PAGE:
# gpart add -t apple-ufs -s 1953792 md0

# gpart show md0

Code:
        14  78140146  md0  APM  (37G)
        14        50      - free -  (25k)
        64      2001    1  apple-boot  (1M)
      2065  5859376    2  freebsd-ufs  (2.8G)
  5861441  1953126    3  apple-ufs  (953M)
  7814567  1171876    4  freebsd-ufs  (572M)
  8986443  1171876    5  freebsd-ufs  (572M)
  10158319  7812501    6  freebsd-ufs  (3.7G)
  17970820  1171876    7  freebsd-ufs  (572M)
  19142696      2008      - free -  (1M)
  19144704      2048    8  apple-boot  (1.0M)
  19146752  15624192    9  apple-ufs  (7.5G)
  34770944  1953792  10  apple-ufs  (954M)
  36724736  41415424      - free -  (19G)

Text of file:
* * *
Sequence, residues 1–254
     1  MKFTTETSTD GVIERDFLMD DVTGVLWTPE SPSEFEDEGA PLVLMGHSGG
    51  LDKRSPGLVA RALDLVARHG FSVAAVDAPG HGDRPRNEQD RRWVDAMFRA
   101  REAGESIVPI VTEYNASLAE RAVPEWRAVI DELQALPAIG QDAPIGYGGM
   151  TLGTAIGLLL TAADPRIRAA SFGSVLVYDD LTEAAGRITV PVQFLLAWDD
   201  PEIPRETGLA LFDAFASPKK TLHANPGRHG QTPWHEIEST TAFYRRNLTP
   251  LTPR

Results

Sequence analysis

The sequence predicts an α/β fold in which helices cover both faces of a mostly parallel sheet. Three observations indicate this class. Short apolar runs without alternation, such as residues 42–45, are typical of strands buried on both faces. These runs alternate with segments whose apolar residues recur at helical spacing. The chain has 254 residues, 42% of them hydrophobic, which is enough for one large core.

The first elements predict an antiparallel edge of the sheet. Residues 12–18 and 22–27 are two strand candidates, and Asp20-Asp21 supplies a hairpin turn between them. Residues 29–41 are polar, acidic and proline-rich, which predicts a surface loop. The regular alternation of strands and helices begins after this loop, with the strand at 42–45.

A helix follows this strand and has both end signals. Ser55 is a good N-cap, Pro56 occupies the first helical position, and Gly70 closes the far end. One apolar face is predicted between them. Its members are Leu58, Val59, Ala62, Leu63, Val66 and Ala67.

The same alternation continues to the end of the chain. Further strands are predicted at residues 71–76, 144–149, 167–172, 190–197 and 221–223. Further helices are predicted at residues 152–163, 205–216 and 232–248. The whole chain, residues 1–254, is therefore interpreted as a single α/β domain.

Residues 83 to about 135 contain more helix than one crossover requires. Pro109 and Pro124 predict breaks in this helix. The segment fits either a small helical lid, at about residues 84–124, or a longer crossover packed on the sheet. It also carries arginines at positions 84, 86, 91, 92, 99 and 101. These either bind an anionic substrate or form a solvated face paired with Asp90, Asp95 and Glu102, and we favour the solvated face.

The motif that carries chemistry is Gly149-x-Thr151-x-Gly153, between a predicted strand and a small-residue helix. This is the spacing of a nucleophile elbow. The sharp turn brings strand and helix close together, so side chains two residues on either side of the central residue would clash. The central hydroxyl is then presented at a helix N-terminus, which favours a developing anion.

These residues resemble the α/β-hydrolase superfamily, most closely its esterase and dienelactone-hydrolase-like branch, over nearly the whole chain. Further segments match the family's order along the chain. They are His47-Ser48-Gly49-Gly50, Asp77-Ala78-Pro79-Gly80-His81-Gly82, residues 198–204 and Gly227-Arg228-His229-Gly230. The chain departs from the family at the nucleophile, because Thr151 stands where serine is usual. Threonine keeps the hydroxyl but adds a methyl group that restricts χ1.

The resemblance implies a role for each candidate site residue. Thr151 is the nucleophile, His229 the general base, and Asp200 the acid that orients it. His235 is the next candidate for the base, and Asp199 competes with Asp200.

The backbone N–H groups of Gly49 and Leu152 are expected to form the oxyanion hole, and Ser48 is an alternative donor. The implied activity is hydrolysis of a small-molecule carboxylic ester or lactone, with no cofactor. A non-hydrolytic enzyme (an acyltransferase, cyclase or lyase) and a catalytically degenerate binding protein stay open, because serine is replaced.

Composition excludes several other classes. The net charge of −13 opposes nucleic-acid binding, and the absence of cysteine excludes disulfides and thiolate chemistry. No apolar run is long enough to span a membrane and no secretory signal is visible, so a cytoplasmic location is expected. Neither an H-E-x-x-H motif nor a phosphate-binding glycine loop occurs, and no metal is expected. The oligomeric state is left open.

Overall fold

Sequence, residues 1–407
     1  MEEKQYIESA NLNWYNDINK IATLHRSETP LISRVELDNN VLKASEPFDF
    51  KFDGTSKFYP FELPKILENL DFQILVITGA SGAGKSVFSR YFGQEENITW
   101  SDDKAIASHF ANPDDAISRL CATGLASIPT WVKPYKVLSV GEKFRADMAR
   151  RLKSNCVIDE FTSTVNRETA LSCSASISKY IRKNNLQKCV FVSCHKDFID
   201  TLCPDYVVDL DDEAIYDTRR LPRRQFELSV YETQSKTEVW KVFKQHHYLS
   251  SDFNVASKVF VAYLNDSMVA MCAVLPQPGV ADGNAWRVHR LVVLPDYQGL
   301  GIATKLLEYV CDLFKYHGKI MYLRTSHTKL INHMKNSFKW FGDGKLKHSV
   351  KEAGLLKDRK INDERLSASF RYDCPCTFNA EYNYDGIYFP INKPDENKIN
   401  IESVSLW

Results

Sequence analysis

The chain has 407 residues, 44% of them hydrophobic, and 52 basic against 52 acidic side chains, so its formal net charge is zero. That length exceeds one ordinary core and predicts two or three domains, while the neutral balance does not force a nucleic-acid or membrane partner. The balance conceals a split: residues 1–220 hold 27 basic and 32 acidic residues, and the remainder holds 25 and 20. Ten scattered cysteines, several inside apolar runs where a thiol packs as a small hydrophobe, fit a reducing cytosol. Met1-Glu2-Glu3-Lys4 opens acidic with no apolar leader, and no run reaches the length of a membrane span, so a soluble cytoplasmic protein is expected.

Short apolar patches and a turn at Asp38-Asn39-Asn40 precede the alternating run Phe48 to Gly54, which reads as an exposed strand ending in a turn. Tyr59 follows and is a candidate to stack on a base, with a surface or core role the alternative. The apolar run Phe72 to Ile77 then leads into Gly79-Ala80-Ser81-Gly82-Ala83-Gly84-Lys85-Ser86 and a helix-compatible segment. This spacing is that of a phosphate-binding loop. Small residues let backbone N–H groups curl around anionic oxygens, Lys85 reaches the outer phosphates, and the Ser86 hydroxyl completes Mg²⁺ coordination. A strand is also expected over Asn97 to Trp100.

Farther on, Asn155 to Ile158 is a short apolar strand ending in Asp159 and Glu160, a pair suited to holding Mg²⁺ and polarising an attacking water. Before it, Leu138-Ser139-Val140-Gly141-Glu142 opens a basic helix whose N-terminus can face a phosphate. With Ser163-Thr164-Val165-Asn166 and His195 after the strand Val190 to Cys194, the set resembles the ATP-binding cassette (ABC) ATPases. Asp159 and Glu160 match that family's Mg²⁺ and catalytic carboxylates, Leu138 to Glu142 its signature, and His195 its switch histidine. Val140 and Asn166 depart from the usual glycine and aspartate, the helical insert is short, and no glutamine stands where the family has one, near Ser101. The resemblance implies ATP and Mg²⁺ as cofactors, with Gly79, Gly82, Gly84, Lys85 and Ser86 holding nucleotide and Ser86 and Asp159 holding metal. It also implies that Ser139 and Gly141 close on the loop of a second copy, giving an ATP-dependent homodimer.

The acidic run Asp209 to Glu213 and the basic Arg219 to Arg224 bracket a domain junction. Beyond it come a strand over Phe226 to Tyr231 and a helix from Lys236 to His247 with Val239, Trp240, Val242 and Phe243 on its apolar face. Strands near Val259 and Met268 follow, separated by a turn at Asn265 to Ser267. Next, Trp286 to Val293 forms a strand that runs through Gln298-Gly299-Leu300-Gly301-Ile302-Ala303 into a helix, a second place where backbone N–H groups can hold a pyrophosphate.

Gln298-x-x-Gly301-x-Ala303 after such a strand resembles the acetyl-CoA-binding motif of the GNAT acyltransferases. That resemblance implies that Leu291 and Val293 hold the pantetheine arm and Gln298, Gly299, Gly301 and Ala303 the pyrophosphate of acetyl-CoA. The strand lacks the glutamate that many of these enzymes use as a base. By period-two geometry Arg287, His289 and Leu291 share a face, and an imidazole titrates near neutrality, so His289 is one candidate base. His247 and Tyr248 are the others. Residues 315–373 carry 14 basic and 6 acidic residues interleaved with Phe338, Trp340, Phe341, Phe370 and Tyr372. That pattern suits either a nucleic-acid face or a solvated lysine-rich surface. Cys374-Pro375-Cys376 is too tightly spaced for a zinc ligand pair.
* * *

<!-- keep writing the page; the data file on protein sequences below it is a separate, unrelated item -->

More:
I could not try this solution because it was hard to patch the geom_part_apm module and my FreeBSD live CD didn't contain mdconfig command. I think you will agree that this solution suggestion looks really a bit convoluted.

Instead, I have applied the first solution (Dual Booting Debian and FreeBSD on Apple PPC hardware again, because by using that solution, I got it working (only once, though)

Here is the gpart output of the harddisk which didn't work (in the second installation of Debian, the Debian installer cannot detect the harddisk's partitions)

knx26.jpg


You see it's got the same structure as the one which is working. Really tricky.

Btw, to visualize the output of the working harddisk I've been talking about so far, here is the Apple boot menu screenshot of it:

knx5h.jpg


You see I 've been able to add even a third OS on it, (Mac OS X as disk0s12) by creating a ~15GB partition.